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Freeman's Wood: Consultation on Satnam Plan to Build 250 Homes


Proposed development plan for the Freeman's Wood area
Proposed development plan for the Freeman's Wood area
Chris Satori


Planning consultants, Satnam, working for The Property Trust PLC, are drafting a controversial new proposal to build 250 new homes on the land now occupied by Freeman's Wood. They will be holding a consultation display about it at the Storey, this Wednesday 5 April, from 12 noon - 6.45pm. There will also be an online survey with information made available after 10am on Thursday 6 April.

Satnam 'Protecting the Green Belt'

Satnam claim in their promotional material that their development would 'help protect other open green belt areas of land around Lancaster'. To achieve this they would have to persuade the City Council to substitute Freeman's Wood for one of the parcels of land earmarked for development in the draft Local Land Allocation Plan

Satnam also state that the Freeman's Wood site 'would be the last to be brought forward for development in this part of the City', although they don't explain what influence or interest they would have over land they do not own.

Freeman's Wood and Satnam - Background

When a high steel fence was erected around Freeman's Wood in January 2012, Lancastrians were outraged at losing a very popular recreational area. The fence itself is a brutal ugly structure, and not only were mature trees felled along its route, but tons of old industrial and construction waste buried there by the old linoleum factory were unearthed and exposed (see photos), giving rise to fears of asbestos contamination, now that this old landfill site had been so severely disturbed. 

It was discovered that the land there now belonged to The Property Trust Group, a Bermuda-based company headed by a Hong Kong businessman, while the work was being carried out by their agents, development consultants Satnam. 



Old landfill and felled trees dumped along the fence at Freeman's Wood. February 2012
Old landfill and felled trees dumped along the fence at Freeman's Wood. February 2012


The trees of were subject to a City Council Tree Preservation Order (TPO), which had obviously suffered multiple breeches. Satnam lodged an appeal against the TPO and in March 2012 workmen were seen felling more trees on the land, apparently with impunity. Satnam's appeal was overruled and the TPOs retained but no action appears to have been taken in regard to the breech of the TPOs and the exposure and dumping of wind-blown waste, both inside and outside the fenced area, despite the mess, eyesore and nuisance to local walkers.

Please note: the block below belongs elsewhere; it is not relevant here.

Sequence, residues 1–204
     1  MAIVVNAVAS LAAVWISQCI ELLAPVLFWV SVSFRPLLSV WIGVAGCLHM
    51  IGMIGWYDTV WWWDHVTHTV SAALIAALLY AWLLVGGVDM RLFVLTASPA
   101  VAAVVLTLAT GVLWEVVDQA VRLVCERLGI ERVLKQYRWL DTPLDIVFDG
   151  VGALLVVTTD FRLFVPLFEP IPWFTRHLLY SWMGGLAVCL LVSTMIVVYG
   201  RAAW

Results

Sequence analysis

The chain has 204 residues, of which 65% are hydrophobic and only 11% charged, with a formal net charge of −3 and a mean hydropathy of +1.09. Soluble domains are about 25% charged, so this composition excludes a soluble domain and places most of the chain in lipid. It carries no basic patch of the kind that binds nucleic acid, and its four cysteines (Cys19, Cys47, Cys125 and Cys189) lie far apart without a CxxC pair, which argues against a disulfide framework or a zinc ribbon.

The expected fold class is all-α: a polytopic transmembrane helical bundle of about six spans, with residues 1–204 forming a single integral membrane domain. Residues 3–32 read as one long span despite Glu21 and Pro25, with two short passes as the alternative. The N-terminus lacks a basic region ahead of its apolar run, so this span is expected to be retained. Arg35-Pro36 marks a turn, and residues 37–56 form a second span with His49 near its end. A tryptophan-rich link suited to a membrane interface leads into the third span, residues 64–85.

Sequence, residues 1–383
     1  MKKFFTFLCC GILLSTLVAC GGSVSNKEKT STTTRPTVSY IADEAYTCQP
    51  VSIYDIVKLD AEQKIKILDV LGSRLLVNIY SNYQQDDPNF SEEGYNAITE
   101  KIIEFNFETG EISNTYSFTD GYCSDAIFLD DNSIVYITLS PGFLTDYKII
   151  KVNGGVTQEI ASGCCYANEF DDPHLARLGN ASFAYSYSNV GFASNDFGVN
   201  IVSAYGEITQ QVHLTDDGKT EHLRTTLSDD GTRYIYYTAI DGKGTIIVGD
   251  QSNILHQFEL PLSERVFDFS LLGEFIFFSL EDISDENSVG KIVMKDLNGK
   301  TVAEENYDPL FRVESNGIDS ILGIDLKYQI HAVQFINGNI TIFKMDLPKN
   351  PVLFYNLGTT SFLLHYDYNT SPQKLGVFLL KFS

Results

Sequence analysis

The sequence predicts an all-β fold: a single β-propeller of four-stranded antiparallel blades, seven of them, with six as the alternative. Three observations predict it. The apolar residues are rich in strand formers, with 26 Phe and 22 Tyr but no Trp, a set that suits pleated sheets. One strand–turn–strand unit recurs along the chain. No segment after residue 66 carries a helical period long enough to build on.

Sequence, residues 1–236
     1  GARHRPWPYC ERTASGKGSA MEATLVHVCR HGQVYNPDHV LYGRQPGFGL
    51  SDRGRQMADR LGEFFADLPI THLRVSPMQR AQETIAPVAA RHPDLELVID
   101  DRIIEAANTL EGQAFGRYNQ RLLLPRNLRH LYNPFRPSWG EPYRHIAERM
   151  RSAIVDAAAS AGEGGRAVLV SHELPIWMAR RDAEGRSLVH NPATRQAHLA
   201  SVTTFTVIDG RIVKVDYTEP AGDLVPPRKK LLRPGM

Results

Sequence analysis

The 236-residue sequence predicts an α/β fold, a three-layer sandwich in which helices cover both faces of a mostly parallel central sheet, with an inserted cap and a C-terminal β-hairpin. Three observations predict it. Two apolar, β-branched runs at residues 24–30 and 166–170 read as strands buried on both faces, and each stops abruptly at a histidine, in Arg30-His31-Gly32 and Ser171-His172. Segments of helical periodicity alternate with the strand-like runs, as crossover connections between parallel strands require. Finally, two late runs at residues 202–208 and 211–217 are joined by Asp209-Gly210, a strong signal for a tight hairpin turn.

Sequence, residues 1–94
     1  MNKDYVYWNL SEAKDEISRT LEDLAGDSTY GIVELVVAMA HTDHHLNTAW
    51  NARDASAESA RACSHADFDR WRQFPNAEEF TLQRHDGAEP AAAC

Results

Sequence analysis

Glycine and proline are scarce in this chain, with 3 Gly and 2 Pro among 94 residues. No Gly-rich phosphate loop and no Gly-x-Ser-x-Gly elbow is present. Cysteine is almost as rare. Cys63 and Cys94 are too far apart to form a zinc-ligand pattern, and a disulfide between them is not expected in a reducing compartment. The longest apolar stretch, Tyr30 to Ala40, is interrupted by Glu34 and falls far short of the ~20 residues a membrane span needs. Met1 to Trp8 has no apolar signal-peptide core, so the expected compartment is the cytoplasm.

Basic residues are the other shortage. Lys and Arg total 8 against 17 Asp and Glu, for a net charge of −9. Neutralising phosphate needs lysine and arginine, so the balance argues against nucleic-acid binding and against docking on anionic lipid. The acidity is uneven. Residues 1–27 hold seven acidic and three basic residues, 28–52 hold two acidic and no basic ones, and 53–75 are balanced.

Workman sawing through a tree in Freeman's Wood. March 2012
Workman sawing through a tree in Freeman's Wood. March 2012

The brutish nature of Satnam's incursion into Lancaster provoked a number of responses. Signs mounted on the fence by the developers were defaced, with eye-catching comments. Parts of the fence were loosened, allowing people to continue using the footpaths recreationally. 

In 2014 the StoreyG2 arts organisation launched a project called 'Landed' to "explore the issue of land-ownership and its significance for people and places. It is centred on a plot of land between the River Lune and Willow Lane in Lancaster, known as Freeman’s Wood, 'where the interests of the local community have collided with those of global capital.'" 

A phone app called 'Trespass' was designed that provided a guided walk through the enclosure and its local history. Neighbouring residents, backed by the Green party, mounted a campaign to have the area recognised as a Village Green and protected under the Local Plan. 



Freeman's Wood. Google Earth view with proposed development site outlined
Freeman's Wood. Google Earth view with proposed development site outlined


Satnam's rejected Warrington plan 'unwanted and unsustainable'

So Satnam will have their hands full. And not for the first time. Their proposal to build 1,200 homes at Peel Hall ('the last green space in Warrington') was turned down in February, despite their similar promises to help the local football club there. 

Speaking to the Warrington Guardian, Chris Vobe, Vice Chair of Warrington North Labour Party, said the decision was "a victory for residents throughout Warrington North," adding, "Labour have stood resolutely with campaigners in opposing Satnam’s unwanted and unsustainable plans."

Consultation online

If you can't get to the Storey on Wednesday, the information provided there will be available on the consultation website at from 10am next Thursday 6 April 2017.